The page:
Saturday, 5 July 2014

The Forgotten Bond

by Charlie Albuery

After fourteen novels, nine short-stories, twenty-two films, one reboot and seven leading actors (yes, you read that right, seven), the James Bond franchise has cemented itself as not only an unmistakably British masterpiece but a mainstay of pop-culture film the world over. In honour of the ‘lost and found’ them of the forthcoming issue of Portsmouth Point magazine  (as well as the fiftieth  anniversary, this year, of the death of Bond’s creator Ian Fleming), I think it is only fair that we show appreciation of a lost piece of the bond franchise: Casino Royale. No, not the good Casino Royal starring Daniel Craig from 2006 or even the book that kicked it all off in 1953, but the off-the-wall parody spin-off of the film franchise from 1967 starring Woody Allen.

At first this may sound promising: spy parodies certainly have mileage in them (as made clear by the surprisingly non-tiresome Austin Powers franchise) and the cast is frankly stellar, including Woody Allen, David Niven, Peter Sellers, Ursula Andress and even Orson Welles. However, I’ll warn you now, don’t be under impression that this film is any good; it’s a hidden gem that’s hidden for a reason. At the time of writing the aggregate review site Rotten Tomatoes collates 33 ratings to give Casino Royale a whopping average of 27%, leading to its selected comment: ‘A goofy, dated parody of spy movie clich├ęs, Casino Royale squanders its all-star cast on a meandering, mostly laugh-free script’. For comparison, the three most recent Bond films (Casino Royale (2006), Quantum of Solace and Skyfall) received 95%, 64% and 92% respectively.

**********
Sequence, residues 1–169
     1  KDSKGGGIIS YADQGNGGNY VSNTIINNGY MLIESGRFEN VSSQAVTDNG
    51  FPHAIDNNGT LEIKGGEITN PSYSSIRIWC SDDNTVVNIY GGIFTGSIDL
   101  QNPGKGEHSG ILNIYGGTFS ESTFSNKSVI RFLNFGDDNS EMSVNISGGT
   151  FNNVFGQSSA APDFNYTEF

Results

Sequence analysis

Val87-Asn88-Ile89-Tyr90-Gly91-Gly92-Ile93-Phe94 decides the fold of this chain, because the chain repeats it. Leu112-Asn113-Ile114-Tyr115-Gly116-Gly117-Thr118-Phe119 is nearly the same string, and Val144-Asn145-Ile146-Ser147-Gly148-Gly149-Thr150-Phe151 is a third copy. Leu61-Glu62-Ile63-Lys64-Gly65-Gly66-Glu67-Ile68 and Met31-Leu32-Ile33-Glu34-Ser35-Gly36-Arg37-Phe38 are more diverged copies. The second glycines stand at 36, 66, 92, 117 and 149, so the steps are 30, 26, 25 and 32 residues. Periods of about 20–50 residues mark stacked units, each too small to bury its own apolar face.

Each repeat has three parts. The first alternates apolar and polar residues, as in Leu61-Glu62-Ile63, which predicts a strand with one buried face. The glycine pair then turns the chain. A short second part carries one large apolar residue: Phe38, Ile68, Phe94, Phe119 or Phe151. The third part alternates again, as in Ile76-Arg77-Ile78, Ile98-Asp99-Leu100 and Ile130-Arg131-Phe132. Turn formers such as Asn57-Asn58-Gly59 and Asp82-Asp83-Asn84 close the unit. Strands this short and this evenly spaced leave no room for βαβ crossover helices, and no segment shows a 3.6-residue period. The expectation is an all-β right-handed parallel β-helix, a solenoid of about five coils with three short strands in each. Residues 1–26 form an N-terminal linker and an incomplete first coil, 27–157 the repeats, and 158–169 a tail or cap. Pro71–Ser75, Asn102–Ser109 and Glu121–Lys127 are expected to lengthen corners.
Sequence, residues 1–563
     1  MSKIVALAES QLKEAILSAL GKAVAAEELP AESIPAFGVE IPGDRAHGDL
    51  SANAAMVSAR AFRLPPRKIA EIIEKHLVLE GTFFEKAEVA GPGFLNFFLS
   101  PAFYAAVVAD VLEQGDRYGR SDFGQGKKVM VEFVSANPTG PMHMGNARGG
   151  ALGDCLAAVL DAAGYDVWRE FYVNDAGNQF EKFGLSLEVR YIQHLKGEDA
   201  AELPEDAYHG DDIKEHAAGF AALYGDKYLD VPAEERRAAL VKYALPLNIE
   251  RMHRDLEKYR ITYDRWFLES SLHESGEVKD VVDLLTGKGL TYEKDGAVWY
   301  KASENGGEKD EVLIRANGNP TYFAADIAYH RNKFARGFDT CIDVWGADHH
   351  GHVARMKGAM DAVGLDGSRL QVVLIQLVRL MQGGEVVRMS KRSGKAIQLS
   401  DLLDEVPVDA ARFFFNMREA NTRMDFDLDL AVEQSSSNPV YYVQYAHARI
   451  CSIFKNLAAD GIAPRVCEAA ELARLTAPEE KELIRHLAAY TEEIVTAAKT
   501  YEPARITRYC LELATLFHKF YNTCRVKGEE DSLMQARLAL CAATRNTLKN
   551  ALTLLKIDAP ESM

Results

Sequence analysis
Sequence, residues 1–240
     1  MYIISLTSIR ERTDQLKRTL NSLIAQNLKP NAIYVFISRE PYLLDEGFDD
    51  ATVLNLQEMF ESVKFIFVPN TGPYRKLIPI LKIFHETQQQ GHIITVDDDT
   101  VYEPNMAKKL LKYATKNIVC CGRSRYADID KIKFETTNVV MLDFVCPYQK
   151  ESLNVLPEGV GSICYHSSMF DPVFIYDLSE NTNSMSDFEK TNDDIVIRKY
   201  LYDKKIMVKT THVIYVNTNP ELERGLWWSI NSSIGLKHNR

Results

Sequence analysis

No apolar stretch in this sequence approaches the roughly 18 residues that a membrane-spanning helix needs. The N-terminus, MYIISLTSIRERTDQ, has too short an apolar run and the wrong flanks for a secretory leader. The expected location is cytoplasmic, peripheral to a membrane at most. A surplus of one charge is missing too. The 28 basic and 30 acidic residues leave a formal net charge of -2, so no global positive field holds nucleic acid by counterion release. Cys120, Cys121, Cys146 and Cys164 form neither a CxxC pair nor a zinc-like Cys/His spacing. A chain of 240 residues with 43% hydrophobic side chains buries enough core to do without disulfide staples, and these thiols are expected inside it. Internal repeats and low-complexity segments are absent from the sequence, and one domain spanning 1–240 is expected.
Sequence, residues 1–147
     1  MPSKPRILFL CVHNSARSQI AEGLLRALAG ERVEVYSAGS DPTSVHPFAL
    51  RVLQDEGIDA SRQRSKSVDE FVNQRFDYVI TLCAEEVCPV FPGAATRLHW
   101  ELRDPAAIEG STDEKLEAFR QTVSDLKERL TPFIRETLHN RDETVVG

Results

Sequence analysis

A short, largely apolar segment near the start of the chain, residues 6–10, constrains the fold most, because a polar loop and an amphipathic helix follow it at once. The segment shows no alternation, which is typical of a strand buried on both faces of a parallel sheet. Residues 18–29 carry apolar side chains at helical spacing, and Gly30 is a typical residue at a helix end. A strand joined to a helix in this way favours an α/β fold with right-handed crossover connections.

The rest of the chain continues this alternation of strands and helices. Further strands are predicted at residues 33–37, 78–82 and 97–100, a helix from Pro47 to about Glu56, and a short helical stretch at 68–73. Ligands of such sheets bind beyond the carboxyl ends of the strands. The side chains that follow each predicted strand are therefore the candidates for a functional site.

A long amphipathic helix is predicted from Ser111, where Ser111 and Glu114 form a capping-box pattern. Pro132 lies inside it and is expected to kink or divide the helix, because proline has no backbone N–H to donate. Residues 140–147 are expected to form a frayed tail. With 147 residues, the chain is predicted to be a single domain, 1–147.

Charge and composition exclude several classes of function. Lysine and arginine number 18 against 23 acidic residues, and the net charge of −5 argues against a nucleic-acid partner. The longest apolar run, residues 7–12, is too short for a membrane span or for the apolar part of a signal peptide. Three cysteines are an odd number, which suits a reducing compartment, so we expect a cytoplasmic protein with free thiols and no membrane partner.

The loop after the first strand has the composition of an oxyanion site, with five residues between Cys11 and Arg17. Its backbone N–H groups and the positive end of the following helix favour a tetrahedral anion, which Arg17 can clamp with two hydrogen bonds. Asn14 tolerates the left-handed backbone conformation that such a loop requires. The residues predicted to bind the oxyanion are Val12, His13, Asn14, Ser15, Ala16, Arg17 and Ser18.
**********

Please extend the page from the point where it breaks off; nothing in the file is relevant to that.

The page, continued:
The first issues arise with the plot - ‘After the death of M, Sir James Bond is called back out of retirement to stop SMERSH. In order to trick SMERSH and Le Chiffre, Bond thinks up the ultimate plan: that every agent will be named James Bond. One of the Bonds, whose real name is Evelyn Tremble, is sent to take on Le Chiffre in a game of baccarat, but all the Bonds get more than they can handle, especially when the ultimate villain turns out to be Bond’s nephew, Jimmy Bond’ (I should once again point out that this role is played by Woody Allen at the height of his apparent insanity).
So that’s the shark jumped right there, but we haven’t even gotten to the truly ridiculous bit yet: Jimmy's plan.

After Jimmy is revealed, in a Wizard of Oz-esque sequence in which an imposing shadowy figure gives way to the meek, neurotic ‘mastermind’, he reveals (although not through speech as Bond is quick to explain his ‘performance anxiety’ *sigh*) that he plans to release a toxin into the world that ‘will make all women beautiful and kill all men over four foot six’, presumably intending that, from that point on, society would resemble a stunted-growth edition of Playboy magazine.
Come to think of it, maybe it’s best this sordid chapter in the great institution of Bond be left lost rather than found - for the foreseeable future, at least.

1 comment:

  1. Terrific soundtrack by Burt Bacharach saves the day on this film!


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